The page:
Laken Riley’s Father Calls For Immigration Reform In Georgia

Jason Riley, father of the late Laken Riley, a nursing student tragically killed in February on the University of Georgia campus, delivered a heartfelt plea to the Georgia State Senate to pass immigration legislation. His emotional address was given Wednesday during a session in which a resolution honoring Laken’s memory was passed.

“I stand before you, a heartbroken man,” Riley expressed, his voice laden with grief. “A man with an evil heart stole her life. He was in this country and this state illegally.” Riley called on the State Governor, Brian Kemp (R) to declare a state of invasion due to the immigration crisis and to detain and deport criminal, illegal immigrants.

“Governor Kemp, please declare an invasion to detain and deport criminal illegals so we can prevent future families from those tragedies,” pleaded Riley. Drawing attention to the broader situation, Riley spoke on the need for enhanced human trafficking and smuggling protections in Georgia. “Hundreds of women and children each month … are being smuggled, coerced, and trafficked in our state. They are victims, just like Laken.”

The legislative response to Laken Riley’s death has been marked by efforts to boost cooperation between local and federal enforcement of immigration law. The House passed a bill withholding funds to jurisdictions that refuse to work with federal immigration authorities, pending consideration in the Senate.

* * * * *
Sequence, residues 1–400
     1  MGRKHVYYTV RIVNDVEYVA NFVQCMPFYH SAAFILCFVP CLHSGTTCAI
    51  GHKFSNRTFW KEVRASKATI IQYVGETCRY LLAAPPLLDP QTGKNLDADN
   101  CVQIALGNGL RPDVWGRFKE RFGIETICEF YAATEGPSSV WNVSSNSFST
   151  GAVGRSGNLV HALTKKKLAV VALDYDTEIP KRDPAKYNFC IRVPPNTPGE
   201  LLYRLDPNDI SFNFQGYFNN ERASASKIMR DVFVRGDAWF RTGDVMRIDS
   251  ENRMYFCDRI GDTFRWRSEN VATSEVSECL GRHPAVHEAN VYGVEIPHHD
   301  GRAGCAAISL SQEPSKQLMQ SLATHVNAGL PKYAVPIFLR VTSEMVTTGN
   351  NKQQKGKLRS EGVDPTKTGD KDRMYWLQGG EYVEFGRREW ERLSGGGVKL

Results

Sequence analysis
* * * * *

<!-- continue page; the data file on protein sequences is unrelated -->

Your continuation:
Laken Riley’s alleged killer, Jose Antonio Ibarra, had an extensive record with the police prior to her death. Immigration and Customs Enforcement stated that Ibarra had been arrested by the New York Police Department two years ago on counts that included endangerment of a child and motor-vehicle violations. Ibarra also faced charges of shoplifting in Athens, Georgia, last September. Currently, Ibarra is facing multiple charges in relation to the killing of Laken, he is currently being charged with felony murder, kidnapping, aggravated assault, and battery.

Athens, where the killing took place, had become a living lab for the US immigration debate: the city, though not formally designated as a sanctuary, adopted a resolution in 2019 that purported to foster inclusivity for all residents of the city, regardless of immigration status. The city’s mayor, Kelly Girtz, warned against connecting illegal immigration with crime, stating “The data demonstrates that the two are not connected.”

Previous articleNorth Carolina Court Dismisses Calls To Remove Confederate Monument
Next articleWashington Drops Bar Exam Requirement In DEI initiative